Catch and Release for Atlantic Salmon

Introduction

Map of River Roe
Catch and release is one of a range of conservation measures being practised in a number of countries to reduce mortality in recreational fisheries
As a result of falling stocks of Atlantic salmon, catch and release is one of a range of conservation measures being practised in a number of countries to reduce mortality in recreational fisheries and allow additional numbers of salmon to spawn. Other conservation measures include:

  • bag limits
  • restrictions on fishing methods
  • limiting the angling season

In order for catch and release to be successful, salmon which have been caught by anglers and released, must survive in good condition until they have spawned. It is important therefore that guidelines for the practice of catch and release are followed to ensure the maximum chance of survival of released salmon. The following guidelines should greatly assist anglers the practice of catch and release in Ireland

Fishing Tackle

The angling method used can have a significant bearing on the survival rate of released salmon Anglers intent on releasing fish, or anglers fishing waters where a catch and release rule is in force. should carefully consider the angling method used. Salmon caught by fly fishing using single barbless hooks, have a greater chance of survival than fish caught on barbed hooks, Ireland hooks or lures with double or treble hooks.

Barbless hooks do less damage, are easier to remove and reduce handling time which can be in important factor influencing survival. Barbed hooks can have the barb pinched with a pliars to allow salmon to be released more easily. Where it is not possible to use barbless hooks, hooks used should preferably be single. The fishing tackle used should be strong enough to enable the fish to be brought in quickly. taking account of the prevailing conditions and the possible size of the fish that might be caught.

Playing the Fish

Playing a fish in the following way will help its chances of survival:

  • Avoid exhausting the fish
  • In a river, move the salmon out of the fast current into quieter water
  • Once the fish is subdued bring it quickly to the bank or boat
Landing the Fish

Research has shown that exposing a salmon to air for even a short period, for example to take a photograph, can significantly reduce its chances of survival.

Keep the salmon in the water at all times.
Use a large diatmeter landing net with soft knotless mesh
Avoid beaching the fish
No gaffs or tailers
Always handle the salmon with wet hands

Removing the Hook

Wet your hands and keep the fish in the water
Handling of the fish should be minimized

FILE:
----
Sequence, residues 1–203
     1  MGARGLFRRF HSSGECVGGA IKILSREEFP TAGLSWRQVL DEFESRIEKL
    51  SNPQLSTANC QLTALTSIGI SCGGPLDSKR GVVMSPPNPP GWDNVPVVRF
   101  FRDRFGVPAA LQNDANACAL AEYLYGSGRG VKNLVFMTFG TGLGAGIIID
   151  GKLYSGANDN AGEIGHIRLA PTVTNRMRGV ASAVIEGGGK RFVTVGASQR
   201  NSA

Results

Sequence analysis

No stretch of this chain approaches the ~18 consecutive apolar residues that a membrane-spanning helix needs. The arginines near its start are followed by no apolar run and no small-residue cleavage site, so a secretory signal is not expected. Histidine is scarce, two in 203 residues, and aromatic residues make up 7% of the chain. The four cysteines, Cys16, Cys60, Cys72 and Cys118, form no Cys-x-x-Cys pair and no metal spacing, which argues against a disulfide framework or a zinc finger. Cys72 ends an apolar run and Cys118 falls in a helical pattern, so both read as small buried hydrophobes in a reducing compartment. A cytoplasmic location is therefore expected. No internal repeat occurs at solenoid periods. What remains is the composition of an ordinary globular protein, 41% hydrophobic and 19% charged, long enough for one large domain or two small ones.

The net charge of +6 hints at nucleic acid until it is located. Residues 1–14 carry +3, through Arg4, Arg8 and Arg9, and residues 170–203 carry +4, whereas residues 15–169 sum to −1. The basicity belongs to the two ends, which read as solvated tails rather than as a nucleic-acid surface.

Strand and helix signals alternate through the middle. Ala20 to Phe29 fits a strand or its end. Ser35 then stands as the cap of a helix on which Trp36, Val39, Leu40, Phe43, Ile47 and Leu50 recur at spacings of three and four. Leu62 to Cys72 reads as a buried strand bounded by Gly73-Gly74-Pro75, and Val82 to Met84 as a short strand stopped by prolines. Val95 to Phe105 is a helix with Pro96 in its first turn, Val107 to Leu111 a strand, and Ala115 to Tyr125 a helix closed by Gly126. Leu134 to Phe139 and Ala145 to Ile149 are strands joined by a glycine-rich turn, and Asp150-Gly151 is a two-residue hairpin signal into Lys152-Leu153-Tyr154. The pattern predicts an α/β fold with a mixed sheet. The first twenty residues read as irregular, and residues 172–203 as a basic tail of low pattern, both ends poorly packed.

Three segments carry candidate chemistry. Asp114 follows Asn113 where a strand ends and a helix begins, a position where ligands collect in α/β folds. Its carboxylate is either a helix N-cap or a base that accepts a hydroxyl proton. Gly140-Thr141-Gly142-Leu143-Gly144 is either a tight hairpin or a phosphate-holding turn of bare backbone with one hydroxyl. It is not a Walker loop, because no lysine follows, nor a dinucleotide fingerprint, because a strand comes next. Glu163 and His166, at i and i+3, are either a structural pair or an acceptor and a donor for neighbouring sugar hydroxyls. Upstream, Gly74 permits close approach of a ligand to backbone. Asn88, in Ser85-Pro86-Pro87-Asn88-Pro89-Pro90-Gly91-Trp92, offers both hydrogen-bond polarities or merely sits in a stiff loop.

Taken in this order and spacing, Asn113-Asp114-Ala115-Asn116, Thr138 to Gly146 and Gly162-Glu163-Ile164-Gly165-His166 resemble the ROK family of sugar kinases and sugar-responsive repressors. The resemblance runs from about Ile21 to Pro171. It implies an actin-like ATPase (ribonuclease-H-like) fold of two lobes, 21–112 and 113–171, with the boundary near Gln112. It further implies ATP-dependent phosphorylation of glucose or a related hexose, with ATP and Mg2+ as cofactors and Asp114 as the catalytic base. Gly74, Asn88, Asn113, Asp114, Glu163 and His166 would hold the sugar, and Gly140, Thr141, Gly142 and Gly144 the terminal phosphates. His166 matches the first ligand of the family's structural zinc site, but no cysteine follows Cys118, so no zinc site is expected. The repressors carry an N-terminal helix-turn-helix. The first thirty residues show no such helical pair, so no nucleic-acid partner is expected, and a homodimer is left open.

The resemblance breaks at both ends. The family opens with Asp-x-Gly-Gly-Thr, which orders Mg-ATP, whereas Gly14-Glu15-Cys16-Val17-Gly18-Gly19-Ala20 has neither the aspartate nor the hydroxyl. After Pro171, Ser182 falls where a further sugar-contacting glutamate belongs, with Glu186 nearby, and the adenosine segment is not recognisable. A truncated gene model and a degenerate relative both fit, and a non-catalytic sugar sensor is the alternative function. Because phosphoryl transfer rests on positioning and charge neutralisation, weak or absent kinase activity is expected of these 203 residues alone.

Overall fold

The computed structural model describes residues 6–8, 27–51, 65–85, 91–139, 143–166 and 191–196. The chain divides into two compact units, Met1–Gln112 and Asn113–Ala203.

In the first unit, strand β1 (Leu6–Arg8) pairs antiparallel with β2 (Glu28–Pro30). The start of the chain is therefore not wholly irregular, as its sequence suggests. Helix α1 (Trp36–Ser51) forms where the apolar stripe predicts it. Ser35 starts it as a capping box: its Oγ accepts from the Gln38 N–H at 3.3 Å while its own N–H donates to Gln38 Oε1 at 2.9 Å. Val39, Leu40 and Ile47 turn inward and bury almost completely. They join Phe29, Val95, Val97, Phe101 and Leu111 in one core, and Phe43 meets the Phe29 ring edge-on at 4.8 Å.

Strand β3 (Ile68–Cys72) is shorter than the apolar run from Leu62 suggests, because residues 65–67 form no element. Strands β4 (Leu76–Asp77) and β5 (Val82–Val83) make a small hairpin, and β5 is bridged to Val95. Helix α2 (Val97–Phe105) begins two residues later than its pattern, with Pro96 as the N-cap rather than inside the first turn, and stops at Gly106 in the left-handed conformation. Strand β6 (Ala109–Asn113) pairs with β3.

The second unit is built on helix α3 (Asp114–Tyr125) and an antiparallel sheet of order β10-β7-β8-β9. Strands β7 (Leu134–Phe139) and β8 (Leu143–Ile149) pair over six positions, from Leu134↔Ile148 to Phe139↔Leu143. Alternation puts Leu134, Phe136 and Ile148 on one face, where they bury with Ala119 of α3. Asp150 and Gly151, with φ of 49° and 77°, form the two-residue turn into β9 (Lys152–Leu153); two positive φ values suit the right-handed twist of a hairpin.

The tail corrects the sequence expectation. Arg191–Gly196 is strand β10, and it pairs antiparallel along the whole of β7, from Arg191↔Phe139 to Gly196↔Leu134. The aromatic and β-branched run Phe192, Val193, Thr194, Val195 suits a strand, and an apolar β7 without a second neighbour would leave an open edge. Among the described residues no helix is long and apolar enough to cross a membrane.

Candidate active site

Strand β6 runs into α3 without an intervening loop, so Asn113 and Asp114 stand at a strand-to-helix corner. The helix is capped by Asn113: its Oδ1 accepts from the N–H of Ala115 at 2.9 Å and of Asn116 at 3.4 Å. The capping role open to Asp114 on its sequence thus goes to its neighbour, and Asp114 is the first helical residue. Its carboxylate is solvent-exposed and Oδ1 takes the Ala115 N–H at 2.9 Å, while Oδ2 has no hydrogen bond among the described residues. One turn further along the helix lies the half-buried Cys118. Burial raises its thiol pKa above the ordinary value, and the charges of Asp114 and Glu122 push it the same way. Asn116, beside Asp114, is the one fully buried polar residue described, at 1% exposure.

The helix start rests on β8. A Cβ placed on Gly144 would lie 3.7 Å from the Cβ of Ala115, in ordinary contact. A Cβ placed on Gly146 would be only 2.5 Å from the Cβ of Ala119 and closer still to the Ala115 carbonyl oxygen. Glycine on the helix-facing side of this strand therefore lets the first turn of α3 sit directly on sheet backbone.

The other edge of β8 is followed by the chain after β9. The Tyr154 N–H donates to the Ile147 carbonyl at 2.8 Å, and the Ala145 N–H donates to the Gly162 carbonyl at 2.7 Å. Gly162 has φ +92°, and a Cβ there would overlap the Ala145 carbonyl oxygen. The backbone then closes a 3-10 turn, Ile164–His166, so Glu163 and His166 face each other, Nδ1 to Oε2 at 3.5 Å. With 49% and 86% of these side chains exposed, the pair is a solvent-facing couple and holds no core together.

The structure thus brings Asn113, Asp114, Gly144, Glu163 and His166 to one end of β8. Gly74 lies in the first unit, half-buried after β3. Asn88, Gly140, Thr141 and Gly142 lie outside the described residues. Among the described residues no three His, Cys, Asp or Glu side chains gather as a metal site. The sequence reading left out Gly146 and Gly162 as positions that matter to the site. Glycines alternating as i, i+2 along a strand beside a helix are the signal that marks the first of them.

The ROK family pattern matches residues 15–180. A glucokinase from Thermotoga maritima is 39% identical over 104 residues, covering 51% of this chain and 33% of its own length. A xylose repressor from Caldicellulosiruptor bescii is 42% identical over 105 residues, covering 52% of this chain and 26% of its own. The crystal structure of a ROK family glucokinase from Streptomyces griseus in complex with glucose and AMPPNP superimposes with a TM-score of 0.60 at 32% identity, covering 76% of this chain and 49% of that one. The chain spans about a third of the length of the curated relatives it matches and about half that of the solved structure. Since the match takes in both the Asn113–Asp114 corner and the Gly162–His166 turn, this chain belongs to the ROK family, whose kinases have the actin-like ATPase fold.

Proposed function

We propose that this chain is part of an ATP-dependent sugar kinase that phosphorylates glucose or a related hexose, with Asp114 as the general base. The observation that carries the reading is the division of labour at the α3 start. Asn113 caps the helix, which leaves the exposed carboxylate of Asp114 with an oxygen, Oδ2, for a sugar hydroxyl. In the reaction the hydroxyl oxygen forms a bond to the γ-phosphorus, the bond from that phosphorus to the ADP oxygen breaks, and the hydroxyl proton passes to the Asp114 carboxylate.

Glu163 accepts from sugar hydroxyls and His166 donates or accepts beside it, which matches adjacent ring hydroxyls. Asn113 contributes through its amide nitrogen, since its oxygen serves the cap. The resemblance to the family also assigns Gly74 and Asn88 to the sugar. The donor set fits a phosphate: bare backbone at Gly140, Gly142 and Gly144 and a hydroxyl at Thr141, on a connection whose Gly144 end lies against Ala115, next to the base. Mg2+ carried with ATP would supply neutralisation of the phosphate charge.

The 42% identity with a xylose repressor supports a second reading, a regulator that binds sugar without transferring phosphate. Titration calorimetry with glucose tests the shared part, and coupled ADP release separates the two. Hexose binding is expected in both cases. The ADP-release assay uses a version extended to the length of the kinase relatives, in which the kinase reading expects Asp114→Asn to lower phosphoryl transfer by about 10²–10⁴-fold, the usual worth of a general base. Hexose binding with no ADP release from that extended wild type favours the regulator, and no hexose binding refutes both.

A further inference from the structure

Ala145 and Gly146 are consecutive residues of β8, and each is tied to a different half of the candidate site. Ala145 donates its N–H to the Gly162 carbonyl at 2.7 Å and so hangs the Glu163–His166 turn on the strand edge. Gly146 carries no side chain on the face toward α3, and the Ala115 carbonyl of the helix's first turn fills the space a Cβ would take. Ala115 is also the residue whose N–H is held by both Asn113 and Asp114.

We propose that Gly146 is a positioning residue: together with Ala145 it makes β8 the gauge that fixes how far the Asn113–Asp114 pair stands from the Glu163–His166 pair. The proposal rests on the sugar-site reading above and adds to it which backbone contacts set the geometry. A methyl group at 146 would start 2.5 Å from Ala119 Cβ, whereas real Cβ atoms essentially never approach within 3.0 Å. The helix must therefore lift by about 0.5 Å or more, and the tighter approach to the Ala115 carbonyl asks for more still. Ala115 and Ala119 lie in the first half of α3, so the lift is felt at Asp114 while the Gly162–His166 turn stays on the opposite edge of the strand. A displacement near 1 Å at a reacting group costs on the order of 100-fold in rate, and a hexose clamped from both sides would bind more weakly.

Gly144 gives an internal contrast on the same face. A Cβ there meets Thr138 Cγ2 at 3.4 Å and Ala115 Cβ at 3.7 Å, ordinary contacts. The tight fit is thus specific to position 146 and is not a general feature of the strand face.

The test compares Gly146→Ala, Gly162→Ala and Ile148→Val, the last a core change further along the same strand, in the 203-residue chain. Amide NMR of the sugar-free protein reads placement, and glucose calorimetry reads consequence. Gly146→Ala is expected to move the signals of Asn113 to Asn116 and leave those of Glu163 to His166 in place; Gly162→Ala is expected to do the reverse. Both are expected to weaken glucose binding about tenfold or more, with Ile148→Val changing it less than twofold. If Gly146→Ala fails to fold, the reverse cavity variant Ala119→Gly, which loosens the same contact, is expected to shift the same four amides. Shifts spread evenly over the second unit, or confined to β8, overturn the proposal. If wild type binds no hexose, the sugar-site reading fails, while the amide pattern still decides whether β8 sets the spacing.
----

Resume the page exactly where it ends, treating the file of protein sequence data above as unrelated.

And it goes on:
When necessary the fish should be supported from beneath and the hook gently removed either by hand or by means of long-nosed forceps
If a hook is deeply embedded and cannot be removed, the leader should be cut close to the hook, as fish released with the hook attached will generally survive
Take extra care with fresh fish, as they are more prone to scale loss, injury and subsequent fungal infection
Care must be taken not to squeeze the fish or hold it by the gills

Releasing and Reviving the Fish

After removing the hook or cutting the leader, the fish should be supported in the water facing into the current and given sufficient time to recover
Hold the fish gently until it is capable of swimming away strongly
Avoid weighing the fish
The weight can be estimated from its length using the conversion chart (below)

Weight/Length Conversion Chart

A tape measure or a wading stick can be used to take the approximate length while keeping the fish in the water
Unless compelled by statutory regulations or local rules, fish that have suffered serious damage (bleeding heavily, hooked in the gills or eyes) should be retained

Survival Chances of Released Salmon

Research has shown that the survival rate of salmon caught and released can he close to 100% when the above guidelines are followed
Survival rate is greater at water temperatures below 20 C.
Very good survival to spawning of released rod-caught spring Salmon, which have subsequently spent up to nine months in the river before spawning, has been recorded in Scotland
Spawning sucess and viability of eggs are unaffected in salmon caught and released in late autumn

Spring Salmon

Stocks of spring salmon are at an all time low across their North Atlantic range. Conservation is more important now than ever. Catch and Release can ensure that more salmon survive to spawn.